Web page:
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SIZE APPEAL OF: GAN CORPORATION APPELLANT

SBA No. SIZ-5658, 20152015 WL 3545617May 20, 2015

SBA No. SIZ-5658, 2015 (S.B.A.), 2015 WL 3545617
Small Business Administration (S.B.A.)
Office of Hearings and Appeals
[Size Appeal]
*1 SIZE APPEAL OF: GAN CORPORATION APPELLANT
*1 SBA No. SIZ-5658
*1 Appealed From Size Determination No. 3-2015-035
*1 May 20, 2015

APPEARANCES

*1 J. Dale Gipson, Esq.
*1 J. Clark Pendergrass, Esq.
*1 Lanier Ford Shaver & Payne, P.C.
*1 Huntsville, Alabama
*1 for Appellant.
 
DECISION1
  
I. Introduction and Jurisdiction
 
*1 On February 26, 2015, the U.S. Small Business Administration (SBA) Office of Government Contracting, Area III (Area Office) issued Size Determination No. 3-2015-035 finding that GaN Corporation (Appellant) is not a small business under the size standard associated with the subject task order. The Area Office determined that Appellant's relationship with its subcontractor, [[Subcontractor], violated the ostensible subcontractor rule, 13 C.F.R. § 121.103(h)(4). Appellant maintains that the size determination is flawed and should be overturned. For the reasons discussed infra, the appeal is granted, the size determination is vacated, and the matter is remanded to the Area Office for further review.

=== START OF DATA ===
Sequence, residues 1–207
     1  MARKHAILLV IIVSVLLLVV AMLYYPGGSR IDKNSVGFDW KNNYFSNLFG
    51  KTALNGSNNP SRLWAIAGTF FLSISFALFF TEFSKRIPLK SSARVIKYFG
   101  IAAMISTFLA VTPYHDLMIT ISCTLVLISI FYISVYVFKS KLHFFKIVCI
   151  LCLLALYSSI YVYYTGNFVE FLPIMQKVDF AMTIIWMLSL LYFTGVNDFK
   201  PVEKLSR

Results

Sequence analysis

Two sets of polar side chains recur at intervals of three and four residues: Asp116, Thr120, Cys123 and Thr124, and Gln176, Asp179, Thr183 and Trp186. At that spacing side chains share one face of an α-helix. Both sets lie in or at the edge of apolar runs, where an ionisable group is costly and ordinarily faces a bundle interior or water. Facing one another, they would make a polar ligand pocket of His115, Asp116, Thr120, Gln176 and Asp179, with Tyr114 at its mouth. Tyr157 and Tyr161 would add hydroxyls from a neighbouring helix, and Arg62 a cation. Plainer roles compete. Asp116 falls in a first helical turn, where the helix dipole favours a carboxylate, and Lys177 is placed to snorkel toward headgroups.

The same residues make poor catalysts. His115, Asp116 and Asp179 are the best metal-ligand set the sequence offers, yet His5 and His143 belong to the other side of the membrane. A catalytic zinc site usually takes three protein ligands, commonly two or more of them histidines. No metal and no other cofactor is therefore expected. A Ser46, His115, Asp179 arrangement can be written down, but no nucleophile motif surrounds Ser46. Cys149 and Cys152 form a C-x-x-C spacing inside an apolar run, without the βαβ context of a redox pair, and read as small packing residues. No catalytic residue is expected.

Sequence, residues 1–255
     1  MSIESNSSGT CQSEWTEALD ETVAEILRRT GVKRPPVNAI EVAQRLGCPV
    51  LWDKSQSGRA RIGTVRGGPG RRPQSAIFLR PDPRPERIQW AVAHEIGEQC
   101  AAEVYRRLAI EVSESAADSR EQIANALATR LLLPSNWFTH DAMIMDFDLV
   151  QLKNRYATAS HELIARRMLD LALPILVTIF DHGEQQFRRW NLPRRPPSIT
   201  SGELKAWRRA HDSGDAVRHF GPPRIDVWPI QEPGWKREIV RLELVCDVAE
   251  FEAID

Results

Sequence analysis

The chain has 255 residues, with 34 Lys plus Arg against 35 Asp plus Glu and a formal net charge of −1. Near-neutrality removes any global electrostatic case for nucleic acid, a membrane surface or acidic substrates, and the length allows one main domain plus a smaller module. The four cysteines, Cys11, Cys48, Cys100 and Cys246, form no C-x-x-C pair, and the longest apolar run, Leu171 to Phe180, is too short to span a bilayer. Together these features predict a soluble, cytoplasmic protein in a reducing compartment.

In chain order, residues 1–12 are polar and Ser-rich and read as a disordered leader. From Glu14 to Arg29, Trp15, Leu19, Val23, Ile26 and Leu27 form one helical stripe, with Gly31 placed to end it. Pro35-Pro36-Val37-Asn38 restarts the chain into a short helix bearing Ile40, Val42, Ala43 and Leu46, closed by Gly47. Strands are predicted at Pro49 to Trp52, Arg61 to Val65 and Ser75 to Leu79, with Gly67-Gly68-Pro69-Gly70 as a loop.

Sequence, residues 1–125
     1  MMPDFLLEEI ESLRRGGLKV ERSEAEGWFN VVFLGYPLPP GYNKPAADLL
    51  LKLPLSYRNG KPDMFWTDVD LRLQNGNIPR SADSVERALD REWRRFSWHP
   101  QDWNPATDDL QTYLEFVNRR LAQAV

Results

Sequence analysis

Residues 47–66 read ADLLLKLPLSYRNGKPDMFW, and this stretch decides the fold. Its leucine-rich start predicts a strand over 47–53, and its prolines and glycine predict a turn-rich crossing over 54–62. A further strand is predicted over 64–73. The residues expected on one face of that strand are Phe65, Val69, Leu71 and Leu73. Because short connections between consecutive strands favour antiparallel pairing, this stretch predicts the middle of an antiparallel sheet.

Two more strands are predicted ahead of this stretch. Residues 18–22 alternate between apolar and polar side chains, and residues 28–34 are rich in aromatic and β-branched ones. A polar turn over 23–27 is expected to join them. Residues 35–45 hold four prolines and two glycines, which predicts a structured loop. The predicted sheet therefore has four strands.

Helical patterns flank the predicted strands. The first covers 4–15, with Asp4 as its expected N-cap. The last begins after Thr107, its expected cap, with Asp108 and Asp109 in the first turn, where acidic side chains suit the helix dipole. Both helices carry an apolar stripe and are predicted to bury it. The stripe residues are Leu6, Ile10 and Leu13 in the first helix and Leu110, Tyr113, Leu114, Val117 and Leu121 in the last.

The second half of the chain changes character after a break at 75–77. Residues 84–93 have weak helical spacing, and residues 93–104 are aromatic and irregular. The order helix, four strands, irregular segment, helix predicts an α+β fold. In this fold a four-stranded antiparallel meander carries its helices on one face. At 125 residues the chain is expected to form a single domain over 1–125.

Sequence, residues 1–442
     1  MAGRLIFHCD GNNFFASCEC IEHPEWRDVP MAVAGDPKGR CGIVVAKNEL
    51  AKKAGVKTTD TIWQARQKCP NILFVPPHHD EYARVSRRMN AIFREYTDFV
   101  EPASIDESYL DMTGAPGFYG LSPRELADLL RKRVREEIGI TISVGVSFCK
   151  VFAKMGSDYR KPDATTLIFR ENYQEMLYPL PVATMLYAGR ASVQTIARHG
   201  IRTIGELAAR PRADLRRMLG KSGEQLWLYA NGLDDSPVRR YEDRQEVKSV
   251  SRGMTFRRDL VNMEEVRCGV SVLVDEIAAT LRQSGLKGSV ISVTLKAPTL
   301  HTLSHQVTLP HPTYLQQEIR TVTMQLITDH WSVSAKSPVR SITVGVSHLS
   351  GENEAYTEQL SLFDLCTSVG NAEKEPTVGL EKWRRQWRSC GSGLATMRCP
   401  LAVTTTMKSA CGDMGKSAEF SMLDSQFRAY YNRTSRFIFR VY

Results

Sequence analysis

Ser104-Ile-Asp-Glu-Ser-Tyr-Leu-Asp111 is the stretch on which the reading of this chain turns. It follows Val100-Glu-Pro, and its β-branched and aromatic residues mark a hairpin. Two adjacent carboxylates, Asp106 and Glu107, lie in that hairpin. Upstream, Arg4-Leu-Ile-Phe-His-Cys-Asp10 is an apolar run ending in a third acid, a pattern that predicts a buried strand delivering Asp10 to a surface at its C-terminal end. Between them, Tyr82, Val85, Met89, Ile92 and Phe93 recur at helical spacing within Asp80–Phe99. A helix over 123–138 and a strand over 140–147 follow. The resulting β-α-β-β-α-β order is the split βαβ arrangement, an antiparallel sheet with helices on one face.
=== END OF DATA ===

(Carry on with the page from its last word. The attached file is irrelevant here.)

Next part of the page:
*1 SBA's Office of Hearings and Appeals (OHA) decides size determination appeals under the Small Business Act of 1958, 15 U.S.C. § 631 et seq., and 13 C.F.R. parts 121 and 134. Appellant filed the instant appeal within fifteen days of receiving the size determination, so the appeal is timely. 13 C.F.R. § 134.304(a). Accordingly, this matter is properly before OHA for decision.
 
II. Background
  
A. Solicitation and Proposal
 
*1 On April 18, 2014, the U.S. Army Contracting Command (Army) issued Request for Proposals (RFP) No. W91CRB-13R-0009 for the Army Evaluation Center Omnibus contracts.2 The RFP stated that the Army planned to award multiple indefinite-delivery/indefinite-quantity (ID/IQ) contracts. The RFP identified 72 different labor categories that might be used during contract performance, and provided minimum qualifications and job descriptions for each labor category. (RFP at 30-60.) Among these labor categories were General Engineer V, Program/Systems Analyst III, and Systems Engineer III. (Id. at 40-41, 50-51, 57.)